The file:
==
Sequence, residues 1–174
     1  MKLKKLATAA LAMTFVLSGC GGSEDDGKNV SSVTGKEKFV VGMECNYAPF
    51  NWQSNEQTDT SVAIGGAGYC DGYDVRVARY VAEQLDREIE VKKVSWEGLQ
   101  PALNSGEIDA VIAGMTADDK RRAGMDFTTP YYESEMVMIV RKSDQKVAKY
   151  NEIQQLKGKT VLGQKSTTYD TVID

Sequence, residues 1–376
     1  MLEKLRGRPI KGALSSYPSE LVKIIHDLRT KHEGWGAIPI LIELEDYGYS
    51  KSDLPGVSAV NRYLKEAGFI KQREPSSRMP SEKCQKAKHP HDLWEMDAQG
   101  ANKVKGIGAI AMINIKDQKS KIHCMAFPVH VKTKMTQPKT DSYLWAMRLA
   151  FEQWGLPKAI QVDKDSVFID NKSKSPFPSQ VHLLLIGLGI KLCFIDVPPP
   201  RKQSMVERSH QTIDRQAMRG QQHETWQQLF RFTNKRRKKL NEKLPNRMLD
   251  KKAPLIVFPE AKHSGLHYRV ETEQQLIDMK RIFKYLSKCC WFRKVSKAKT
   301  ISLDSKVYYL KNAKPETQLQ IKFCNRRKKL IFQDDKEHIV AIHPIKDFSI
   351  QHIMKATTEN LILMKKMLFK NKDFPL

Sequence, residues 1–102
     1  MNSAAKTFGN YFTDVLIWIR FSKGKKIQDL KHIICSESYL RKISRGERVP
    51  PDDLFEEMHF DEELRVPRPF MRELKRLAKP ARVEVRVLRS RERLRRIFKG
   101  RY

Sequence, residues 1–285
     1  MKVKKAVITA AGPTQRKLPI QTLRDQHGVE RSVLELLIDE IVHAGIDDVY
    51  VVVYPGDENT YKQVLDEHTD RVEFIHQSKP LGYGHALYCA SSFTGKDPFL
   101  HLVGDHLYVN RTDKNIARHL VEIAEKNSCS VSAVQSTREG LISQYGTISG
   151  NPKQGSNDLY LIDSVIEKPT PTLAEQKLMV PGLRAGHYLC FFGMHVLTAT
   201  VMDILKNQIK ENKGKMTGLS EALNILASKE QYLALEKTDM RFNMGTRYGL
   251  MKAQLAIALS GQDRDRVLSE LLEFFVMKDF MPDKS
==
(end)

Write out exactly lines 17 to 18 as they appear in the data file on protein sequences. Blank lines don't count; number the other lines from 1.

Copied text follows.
    51  PDDLFEEMHF DEELRVPRPF MRELKRLAKP ARVEVRVLRS RERLRRIFKG
   101  RY